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When the novel coronavirus arrived in the United States at the beginning of the year, little was known about it other than its symptoms: fever, cough, and shortness of breath.
But as the virus continues to spread, public health officials are compiling more information about it, including additional symptoms, how it is spread, and how people can protect themselves and others from contracting the coronavirus.
Here are answers to some frequently asked questions as knowledge about the coronavirus and how to treat it evolves.
What additional symptoms are people with COVID-19 reporting?
The Centers for Disease Control and Prevention (CDC) has added new symptoms to its official list of COVID-19 symptoms since the first case was diagnosed in the U.S. in January, based on the observations of doctors treating thousands of patients during the pandemic.
As of May, the CDC officially listed these symptoms: chills, muscle pain, headache, sore throat, new loss of taste or smell, congestion or runny nose, nausea or vomiting, and diarrhea. Those are in addition to previously known symptoms of fever, cough, and shortness of breath or difficulty breathing.
Because new information about the disease is becoming available all the time, the CDC and other health experts are constantly revising their data, leading the agency to provide the following disclaimer on its symptoms page: “This list does not include all possible symptoms. CDC will continue to update this list as we learn more about COVID-19.”
Can people who have the virus spread it even if they don’t have symptoms?
Some people who contract the coronavirus don’t show symptoms. But those infected people could pass it on to others who would get sick, according to the CDC. These asymptomatic carriers make up 35 percent of all coronavirus infections.
The most recent information from the World Health Organization (WHO) is that while asymptomatic transmission does occur, no one knows for sure how frequently it happens.
How does blood type influence the coronavirus?
Some people who contract the coronavirus might not even notice they have been infected, while others who develop COVID-19 need medical treatment, hospitalization, and in the most severe cases, the use of a ventilator.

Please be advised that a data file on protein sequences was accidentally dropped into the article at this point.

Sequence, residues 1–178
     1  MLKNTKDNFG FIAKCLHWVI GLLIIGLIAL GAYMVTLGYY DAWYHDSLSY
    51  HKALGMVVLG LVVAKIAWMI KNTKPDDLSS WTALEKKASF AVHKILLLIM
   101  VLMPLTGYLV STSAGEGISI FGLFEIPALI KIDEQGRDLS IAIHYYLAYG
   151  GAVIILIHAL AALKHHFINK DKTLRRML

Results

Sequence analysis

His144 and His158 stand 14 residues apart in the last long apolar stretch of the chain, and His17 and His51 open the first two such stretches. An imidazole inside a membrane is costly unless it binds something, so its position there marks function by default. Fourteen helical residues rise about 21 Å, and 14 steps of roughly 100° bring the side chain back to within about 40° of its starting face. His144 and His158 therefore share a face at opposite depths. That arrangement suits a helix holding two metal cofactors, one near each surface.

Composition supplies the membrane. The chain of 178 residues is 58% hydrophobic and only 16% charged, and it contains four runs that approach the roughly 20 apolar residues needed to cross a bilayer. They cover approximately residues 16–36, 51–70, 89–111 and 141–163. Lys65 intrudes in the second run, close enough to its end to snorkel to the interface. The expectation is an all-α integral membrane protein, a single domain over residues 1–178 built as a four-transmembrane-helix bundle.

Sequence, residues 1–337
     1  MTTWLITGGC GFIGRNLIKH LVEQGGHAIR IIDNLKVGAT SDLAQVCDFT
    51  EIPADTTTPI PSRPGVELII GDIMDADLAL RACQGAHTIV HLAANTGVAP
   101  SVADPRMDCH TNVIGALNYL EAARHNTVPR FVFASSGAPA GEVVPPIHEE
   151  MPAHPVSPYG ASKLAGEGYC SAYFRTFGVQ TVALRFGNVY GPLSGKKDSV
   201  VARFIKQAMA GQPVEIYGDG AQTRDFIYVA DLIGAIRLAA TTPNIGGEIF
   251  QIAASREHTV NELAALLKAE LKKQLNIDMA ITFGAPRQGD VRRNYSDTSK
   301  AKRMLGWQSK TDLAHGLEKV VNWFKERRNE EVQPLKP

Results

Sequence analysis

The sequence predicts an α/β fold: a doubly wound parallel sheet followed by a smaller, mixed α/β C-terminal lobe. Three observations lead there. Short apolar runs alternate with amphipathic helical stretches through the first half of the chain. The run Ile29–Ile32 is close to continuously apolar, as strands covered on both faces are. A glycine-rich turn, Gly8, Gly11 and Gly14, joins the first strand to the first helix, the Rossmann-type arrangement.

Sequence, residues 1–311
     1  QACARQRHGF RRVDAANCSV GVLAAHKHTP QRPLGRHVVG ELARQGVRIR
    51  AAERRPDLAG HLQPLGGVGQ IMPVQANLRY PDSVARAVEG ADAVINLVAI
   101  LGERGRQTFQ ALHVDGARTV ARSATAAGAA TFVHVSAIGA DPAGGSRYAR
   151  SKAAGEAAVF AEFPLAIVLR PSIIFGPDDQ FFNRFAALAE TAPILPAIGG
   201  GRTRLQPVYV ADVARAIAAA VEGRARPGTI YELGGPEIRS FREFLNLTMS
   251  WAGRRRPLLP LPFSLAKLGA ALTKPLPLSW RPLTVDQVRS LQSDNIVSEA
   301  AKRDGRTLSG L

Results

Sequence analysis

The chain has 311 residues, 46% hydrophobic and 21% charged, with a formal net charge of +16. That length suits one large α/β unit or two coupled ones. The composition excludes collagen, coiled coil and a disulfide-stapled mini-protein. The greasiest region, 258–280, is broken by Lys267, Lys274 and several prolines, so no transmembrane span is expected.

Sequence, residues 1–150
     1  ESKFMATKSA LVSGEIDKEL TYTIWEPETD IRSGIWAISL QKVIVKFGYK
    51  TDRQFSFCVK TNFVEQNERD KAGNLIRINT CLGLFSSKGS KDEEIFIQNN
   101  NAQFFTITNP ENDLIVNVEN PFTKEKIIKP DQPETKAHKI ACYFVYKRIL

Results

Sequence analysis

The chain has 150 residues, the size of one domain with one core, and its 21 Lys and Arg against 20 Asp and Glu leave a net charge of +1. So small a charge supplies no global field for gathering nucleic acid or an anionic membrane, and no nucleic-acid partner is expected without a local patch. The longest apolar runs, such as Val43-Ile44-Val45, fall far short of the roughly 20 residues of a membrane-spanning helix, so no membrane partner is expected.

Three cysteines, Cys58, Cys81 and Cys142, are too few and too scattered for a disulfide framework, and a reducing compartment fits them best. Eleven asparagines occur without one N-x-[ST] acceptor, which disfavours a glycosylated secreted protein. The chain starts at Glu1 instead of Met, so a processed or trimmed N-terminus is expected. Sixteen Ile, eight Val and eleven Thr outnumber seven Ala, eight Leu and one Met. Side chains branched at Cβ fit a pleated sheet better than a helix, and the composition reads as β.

New research published in the peer-reviewed New England Journal of Medicine by a team of European scientists suggests that a person’s blood type could play a role in the severity of COVID-19 symptoms. People with Type A blood and COVID-19 are 50 percent more likely to experience respiratory failure, the research found.
Meanwhile, COVID-19 patients with Type O blood have a 50 percent reduced risk of severe infection compared to patients with COVID-19 who have other blood types.
Researchers examined more than 1,600 coronavirus patients undergoing treatment for severe coronavirus at seven medical centers in Italy and Spain. They found that a region of the participants’ genomes that helps code for blood type was linked to a patient’s chances of developing severe symptoms.
While the sample size was small, the research aligns with findings from two similar studies done in the U.S. and China that were not peer-reviewed. In New York, researchers analyzed 1,559 COVID-19 patients in April and found a higher proportion of infected patients had blood type A and a lower proportion had type O.
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In March, a study of more than 2,173 coronavirus patients from three hospitals in China found that patients with blood type A were at a higher risk of getting sick from coronavirus infections compared to people with other blood types. The researchers also observed that people with blood type O had a lower risk for infection.
What is the risk of catching coronavirus from touching something?
Becoming infected with the novel coronavirus after touching a contaminated object is not typically how the novel coronavirus spreads, but it can happen, according to the CDC.
The primary way the virus spreads is through close contact from person to person by breathing in droplets containing the virus. It’s possible for someone to become infected after touching a surface or object that has droplets containing the coronavirus on it and then touching the mouth, nose, or possibly eyes.
By following social distancing and local public health guidelines, such as staying at home when you can, wearing a face mask when you must go out, and washing your hands regularly, you help to lower your risk of infection.